Schools and daycares are breeding grounds for all types of bacteria. Wash your hands frequently and make sure the children do as well.

Lastly, if you have come into contact with grass or dirt, wash your hands as soon as possible. Dirt contains many bacteria that could be harmful to humans, and grass is the favorite bathroom of the neighborhood animals. 

Alcohol-Based Sanitizers

There will be many instances where washing your hands is impossible due to lack of water, soap or otherwise. In this case, alcohol-based sanitizers come to the rescue. They are a special brand of sanitizer that doesn’t require rinsing, and they claim to kill almost 100% of germs. They usually come as a gel or a rub cloth.

Because they are alcohol-based, the residue evaporates off of your hands after about 15 seconds, leaving them safe to touch your eyes and mouth. This also makes them safe for use by children, but only under supervision.

Two of the more popular brands of alcohol-based sanitizers are Isogel and Purell.


Purell hand sanitizer contains 66% ethyl alcohol and kills 99.99 % of common household germs. It can be used anytime and in anyplace, without towels, and is available in small bottles that fit anywhere.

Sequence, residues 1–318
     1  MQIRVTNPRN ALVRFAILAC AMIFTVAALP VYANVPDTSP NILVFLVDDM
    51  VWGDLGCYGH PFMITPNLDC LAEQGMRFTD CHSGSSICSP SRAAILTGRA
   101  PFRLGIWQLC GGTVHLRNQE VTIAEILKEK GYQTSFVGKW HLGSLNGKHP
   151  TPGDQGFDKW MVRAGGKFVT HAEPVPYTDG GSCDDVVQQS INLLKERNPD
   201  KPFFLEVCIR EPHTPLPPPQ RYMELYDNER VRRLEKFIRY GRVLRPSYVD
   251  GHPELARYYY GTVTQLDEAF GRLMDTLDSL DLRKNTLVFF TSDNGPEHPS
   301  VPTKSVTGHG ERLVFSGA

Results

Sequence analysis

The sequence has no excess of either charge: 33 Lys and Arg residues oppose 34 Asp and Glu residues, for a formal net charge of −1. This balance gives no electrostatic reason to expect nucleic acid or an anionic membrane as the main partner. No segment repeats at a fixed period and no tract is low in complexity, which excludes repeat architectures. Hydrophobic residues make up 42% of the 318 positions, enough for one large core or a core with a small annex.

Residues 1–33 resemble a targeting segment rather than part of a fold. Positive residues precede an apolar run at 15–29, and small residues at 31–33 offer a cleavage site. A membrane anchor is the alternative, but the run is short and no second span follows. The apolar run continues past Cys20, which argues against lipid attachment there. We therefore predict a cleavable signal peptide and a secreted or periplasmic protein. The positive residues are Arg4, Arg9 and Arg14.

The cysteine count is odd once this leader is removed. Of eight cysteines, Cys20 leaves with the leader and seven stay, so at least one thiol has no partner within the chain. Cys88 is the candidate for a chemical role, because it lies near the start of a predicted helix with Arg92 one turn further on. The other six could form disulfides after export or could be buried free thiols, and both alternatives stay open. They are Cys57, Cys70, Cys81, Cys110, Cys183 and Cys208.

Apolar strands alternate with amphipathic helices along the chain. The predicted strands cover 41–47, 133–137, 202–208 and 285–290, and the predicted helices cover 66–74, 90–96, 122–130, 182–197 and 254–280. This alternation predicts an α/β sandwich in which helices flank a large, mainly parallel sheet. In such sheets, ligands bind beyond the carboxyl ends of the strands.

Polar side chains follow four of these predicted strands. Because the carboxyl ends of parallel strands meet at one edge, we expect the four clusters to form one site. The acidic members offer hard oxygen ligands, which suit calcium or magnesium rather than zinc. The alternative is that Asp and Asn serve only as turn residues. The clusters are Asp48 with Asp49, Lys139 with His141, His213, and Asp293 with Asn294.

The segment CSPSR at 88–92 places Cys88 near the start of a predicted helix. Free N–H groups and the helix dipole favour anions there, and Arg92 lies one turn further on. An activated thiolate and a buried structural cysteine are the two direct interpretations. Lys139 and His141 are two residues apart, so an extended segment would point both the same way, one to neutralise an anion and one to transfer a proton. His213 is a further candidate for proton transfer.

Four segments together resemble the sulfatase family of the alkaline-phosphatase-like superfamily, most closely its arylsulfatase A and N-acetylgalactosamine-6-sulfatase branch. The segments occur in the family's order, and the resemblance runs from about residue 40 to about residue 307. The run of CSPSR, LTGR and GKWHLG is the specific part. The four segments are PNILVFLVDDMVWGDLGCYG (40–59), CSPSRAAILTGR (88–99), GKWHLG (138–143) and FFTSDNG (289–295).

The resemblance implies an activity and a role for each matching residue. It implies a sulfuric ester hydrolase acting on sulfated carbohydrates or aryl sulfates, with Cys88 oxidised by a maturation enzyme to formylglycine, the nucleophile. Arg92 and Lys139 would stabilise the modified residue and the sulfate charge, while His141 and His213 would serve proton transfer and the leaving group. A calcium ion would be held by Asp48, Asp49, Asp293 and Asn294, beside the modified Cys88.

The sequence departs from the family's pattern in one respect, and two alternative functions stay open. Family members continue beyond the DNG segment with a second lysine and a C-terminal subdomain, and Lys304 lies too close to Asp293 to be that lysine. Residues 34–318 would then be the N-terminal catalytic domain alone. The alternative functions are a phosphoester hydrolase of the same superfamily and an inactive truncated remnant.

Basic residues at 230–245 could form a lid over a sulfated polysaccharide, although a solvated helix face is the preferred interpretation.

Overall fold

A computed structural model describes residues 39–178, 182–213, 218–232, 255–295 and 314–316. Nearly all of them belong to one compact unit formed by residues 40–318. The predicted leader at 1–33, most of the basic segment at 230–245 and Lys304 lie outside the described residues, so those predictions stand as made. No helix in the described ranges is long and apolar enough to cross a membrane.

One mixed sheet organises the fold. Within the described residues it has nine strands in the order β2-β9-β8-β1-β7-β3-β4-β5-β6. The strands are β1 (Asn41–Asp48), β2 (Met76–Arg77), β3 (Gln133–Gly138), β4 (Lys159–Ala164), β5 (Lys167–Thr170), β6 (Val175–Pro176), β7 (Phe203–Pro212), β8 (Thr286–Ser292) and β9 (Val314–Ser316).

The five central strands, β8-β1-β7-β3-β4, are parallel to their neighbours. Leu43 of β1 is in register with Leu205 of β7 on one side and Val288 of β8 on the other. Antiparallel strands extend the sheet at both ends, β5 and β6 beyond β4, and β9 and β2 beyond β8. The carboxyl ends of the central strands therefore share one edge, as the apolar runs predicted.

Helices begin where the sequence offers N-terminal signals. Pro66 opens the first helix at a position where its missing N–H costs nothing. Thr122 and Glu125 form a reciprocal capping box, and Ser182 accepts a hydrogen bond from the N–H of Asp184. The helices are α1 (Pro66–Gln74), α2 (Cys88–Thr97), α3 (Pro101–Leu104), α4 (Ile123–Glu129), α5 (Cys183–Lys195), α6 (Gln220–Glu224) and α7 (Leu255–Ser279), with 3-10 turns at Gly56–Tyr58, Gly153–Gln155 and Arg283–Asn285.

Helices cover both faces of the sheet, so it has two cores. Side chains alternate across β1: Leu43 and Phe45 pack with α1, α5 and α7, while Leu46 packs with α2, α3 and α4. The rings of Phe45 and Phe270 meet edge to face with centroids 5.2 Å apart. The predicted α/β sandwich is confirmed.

Isogel-x medical hand disinfectant is a hospital-grade hand sanitizer containing 60% ethyl alcohol. It is waterless and comes in portable bottles.

Hand Wipes

Hand wipes are manufactured by countless companies, but all serve the same general purpose. They are a pre-moistened, pre-packaged cloth containing at least 60% alcohol and some form of moisturizer. They are proven effective against most types of bacteria and are perfect for picnics, camping and other outdoor activities.

The downside to alcohol-based sanitizers is that they are only effective when no visible dirt is present. They are not meant as a replacement for soap and water, only a supplement when soap and water are not available. As well, they will not remove allergenic food residues, such as peanuts or shellfish.

People with open cuts will want to avoid alcohol-based hand sanitizers because they may cause further irritation.

There have been also cases of dry skin resulting from the overuse of hand sanitizers. If this occurs, use a hand lotion after disinfections.

Risks of over-washing hands

As with the overuse of hand sanitizers, dry skin can result from regularly washing your hands. To avoid this, use a moisturizer after you finish washing.

Antibacterial soaps are meant for use in restaurants and hospitals. Little evidence exists showing that they are more effective for home use than regular soap. Besides, most common household illnesses result from viruses, which are immune to antibacterial agents. Antibacterial soap has been linked to the rise of ‘superbugs,’ bacteria that have survived counteragents and developed resistant genes, leaving them immune to common cures. 

Report Summary

Hand washing is the most important step in the protection against illness. This report has outlined how to wash your hands properly, reasons for washing your hands, alternatives to soap and water, and explained the risks of over-washing. By following these guidelines, you can dramatically raise your overall well-being, as well as lower the risk of disease transmission.